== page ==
21. After having been delayed dealing with an issue with Mom I finally got to the Special today. I first needed to take the old battery out to use for the core charge. Guess it was time to do as I found the hold down bracket was getting some corrosion. First place I went to which has had this battery on the on the shelf in the past said this particular style had to be ordered now so thanked them for their time and moved on down the road. Went to a local Battery builder / supplier (which by the way was where I bought the last one) and once paid for and secured in my truck headed on back to the garage. I grabbed a can of black enamel spray and after sanding down the build up on the hold down frame gave it two light coats to dry in the sun. The temperature was up to 45 degrees so it didn't take too long to dry. While waiting for paint to dry I occupied myself with cleaning up the white cell caps I saved from the old battery as I didn't particularly like the flat black ones on the new battery thinking they gave it the more traditional Delco battery look. What a nice change to hear her turn over with energy till the carb got enough fuel to fire up and be on high idle! After warming up some I decided to back her out and clean up the floor as I had placed various pieces of card board and plastic to catch the transmission fluid and antifreeze that had been leaking. With now having a parking pawl that worked I instinctively reached to release the parking brake which was my practice for some 40 years... Once outside I placed her in Park and felt the gentle slight roll now locking the drive train. Man this is a different car! OK, it was just too tempting to not go for a drive and after putting it into D instead of low which I used to do to avoid any slippage, took off down the road with confidence. I went by our friends house to find him just getting out of his car and suggested I come in to see their two year old granddaughter so put the car in park, shut her off and went inside. I don't have any grand kids yet and two years olds are busy people so, kept the visit short and said it was time to go. Bob walked me to the car and I held my breath as I turned on the key and pressed down the gas pedal to engage the starter... No, not what you think I was going to say... with not too much effort from the starter, she fired right up like it should! WOW! Who's car is this anyway??? I headed back to the garage and pulled inside to spray some PB Blaster on the bolts of the water pump and the fan to take off tomorrow as dinner plans had come up and was informed I needed to cleanup! It has been quite a roller coaster ride this past year and a half dealing with getting back on the road again after a 13 year slumber but every mile right now means more every day!!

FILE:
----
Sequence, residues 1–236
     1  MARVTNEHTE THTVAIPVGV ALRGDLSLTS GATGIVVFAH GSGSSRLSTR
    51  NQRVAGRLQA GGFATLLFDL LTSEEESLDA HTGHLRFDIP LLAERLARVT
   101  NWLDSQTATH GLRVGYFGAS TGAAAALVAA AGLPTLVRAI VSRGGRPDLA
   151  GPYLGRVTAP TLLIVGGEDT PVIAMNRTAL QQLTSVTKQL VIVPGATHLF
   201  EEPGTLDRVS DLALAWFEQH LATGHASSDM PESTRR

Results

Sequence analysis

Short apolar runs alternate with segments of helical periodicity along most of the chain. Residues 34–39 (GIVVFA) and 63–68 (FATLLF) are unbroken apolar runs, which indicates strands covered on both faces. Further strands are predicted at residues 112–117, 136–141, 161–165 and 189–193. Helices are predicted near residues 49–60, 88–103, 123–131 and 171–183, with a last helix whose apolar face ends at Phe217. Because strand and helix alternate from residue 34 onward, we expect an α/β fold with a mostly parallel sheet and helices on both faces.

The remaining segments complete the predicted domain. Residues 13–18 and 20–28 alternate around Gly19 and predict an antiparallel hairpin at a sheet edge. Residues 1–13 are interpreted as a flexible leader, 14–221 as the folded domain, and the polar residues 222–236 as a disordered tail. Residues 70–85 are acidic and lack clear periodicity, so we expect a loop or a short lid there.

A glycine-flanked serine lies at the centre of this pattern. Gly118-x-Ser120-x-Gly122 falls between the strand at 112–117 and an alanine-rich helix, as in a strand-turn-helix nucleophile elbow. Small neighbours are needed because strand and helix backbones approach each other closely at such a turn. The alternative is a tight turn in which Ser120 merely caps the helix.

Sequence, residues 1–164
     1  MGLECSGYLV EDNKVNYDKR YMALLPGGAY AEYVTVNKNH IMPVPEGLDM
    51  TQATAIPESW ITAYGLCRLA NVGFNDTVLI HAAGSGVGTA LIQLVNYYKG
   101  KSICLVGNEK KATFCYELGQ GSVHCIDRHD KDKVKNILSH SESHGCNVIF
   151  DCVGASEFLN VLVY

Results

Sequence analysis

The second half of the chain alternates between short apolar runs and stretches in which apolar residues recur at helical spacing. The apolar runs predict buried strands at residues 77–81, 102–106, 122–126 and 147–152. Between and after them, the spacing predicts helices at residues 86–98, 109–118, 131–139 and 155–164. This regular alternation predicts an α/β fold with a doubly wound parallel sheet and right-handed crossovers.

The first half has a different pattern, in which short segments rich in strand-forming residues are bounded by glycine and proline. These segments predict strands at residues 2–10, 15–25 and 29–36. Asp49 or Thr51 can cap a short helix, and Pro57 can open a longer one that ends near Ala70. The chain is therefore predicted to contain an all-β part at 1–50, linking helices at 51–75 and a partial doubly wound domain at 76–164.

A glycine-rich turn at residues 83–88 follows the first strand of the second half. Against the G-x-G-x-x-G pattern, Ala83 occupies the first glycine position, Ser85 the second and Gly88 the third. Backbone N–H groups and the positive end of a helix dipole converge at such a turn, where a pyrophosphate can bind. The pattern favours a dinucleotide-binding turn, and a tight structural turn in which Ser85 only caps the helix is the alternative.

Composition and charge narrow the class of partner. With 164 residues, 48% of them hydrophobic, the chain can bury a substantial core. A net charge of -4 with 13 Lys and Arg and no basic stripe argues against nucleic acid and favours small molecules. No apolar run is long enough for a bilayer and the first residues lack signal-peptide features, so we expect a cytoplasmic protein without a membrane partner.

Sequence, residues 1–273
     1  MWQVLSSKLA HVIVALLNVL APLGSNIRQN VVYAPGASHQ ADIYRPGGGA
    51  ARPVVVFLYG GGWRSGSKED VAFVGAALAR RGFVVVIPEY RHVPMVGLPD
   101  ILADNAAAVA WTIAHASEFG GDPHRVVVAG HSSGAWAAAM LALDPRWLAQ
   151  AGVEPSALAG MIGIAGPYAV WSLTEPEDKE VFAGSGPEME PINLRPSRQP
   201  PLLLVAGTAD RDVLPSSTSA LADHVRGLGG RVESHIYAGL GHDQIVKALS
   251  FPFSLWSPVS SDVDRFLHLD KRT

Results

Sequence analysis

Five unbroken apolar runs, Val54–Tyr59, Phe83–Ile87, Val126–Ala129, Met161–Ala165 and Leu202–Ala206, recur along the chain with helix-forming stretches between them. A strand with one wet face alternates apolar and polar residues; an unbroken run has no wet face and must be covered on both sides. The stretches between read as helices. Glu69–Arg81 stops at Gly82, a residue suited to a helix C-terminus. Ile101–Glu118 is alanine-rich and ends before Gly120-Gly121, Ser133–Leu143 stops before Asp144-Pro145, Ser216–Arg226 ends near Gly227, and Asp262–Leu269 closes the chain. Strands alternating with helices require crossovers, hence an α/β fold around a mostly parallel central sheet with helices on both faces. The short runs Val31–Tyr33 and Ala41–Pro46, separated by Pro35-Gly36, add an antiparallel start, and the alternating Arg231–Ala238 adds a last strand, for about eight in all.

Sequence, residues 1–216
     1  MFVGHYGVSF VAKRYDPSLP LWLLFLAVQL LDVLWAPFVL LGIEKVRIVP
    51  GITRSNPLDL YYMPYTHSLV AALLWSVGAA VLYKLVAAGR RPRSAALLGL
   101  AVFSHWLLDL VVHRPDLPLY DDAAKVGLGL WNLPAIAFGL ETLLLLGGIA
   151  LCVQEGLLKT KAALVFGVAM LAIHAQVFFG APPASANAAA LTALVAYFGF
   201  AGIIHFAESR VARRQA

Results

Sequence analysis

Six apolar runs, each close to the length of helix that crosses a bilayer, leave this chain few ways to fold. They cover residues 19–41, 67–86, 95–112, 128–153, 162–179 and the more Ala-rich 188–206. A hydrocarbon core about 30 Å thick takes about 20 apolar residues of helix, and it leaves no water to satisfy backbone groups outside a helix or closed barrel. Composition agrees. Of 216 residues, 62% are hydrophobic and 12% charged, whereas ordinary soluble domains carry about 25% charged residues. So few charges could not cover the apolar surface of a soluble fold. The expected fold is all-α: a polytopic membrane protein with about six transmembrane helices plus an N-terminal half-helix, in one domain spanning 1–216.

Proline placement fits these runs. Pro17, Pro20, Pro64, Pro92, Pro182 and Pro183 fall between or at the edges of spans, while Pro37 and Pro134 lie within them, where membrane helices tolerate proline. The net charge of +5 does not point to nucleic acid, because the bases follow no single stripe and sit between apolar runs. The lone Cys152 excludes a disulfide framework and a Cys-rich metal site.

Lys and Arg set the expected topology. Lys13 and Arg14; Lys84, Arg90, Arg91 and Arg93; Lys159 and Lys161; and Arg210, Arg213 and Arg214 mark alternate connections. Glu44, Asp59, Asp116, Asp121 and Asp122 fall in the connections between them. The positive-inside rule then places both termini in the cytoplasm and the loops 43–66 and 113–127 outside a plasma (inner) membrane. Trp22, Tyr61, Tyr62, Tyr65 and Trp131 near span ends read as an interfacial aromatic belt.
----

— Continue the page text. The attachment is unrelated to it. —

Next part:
22. Ronnie

    1949 Buick Road Master model 70 starter issue?

    I were you I wouldn't bypass the neutral safety switch if you install a push button for the starter. I would keep it in the circuit.
  23. cahartley

    Taking slack out of steering box

    You didn't have to go to all that. The output shaft is square so when you removed the steering arm all you need to do is turn the steering wheel until the square moves a 1/4, 1/2 or 3/4 turn to where the arm will slip on again in the new position. The eccentric part is best done with a helper unless you feel like climbing in and out of the car 160 times......., Bear in mind that ANY slack in the train will interfere with getting a satisfactory setting and that includes king pins. Even with a proper setting if the toe-in is out of whack it still won't steer right,
  24. Grimy

    '39 plate decode

    Senbotsu, you may not be as "happy" when you find out that The Pipples' Republik of Caleeforneeya charges you full ad valorem registration on YOM (Year of Manufacture) plates and/or conventional plates, vs. $2 ad valorem if you opt for Historic Vehicle (HV) plates. This is based on the purchase price you declare under oath when you transfer the vehicle into your name, and drops 5% per year for the first ten years. Most of us Californians use HV plates and then (unlawfully) put the YOM plate on the front--and maybe add the other one to the rear for shows and tours. A car I paid $90K for had a $550 annual reg fee until I changed it to HV plates--and that was 12 years ago before the recent drastic increase in fees.. If this isn't impactful to you, more power to you! Enjoy the car--it's wonderful!
  25. Got the clock working😃 I took a contact off a set of car points and glued it on. The conductive adhesive to glue the point contact on does not work. Next I tried to solder the contact on, not sure what the contact is made of, but could not get it to solder. Next I found a point set with the contact attached to a copper arm. I cut the contact off leaving the copper attached to it. I ground the copper backing to match the shape of the contact and smoothed it all out with sandpaper. After some time I was able to solder this to the clock arm.I filed both contacts clean. The clock has been running for 5 hrs now😎
  26. Graham Man

    1930 Graham Standard Six

    Now we are talking, great looking Graham! The colors all look original. I am guessing you are not in the US? All export cars had side mounts. The cowl lights make it a first series 46....maybe, I would need to see the front to be sure. The numbers are in the rear seat floor (three tags) right side of the car, (sitting in it) by the rear door sill under the carpet. Should be a paint code 30-XX and a vin to tell us more. I really like the colors, love the black walls. They are great cars to drive.
  27. 1939_Buick

    For Sale '54 and '55 Differentials

    It will work great 😊 Sort of bolt in, but you will probably have to use your old torque tube. Guess the length is different. Can be hard to separate the drive shaft from the pinion shaft. Lots of info in http://www.1937and1938buicks.com/The-Torque-Tube/The-Torque-Tube.htm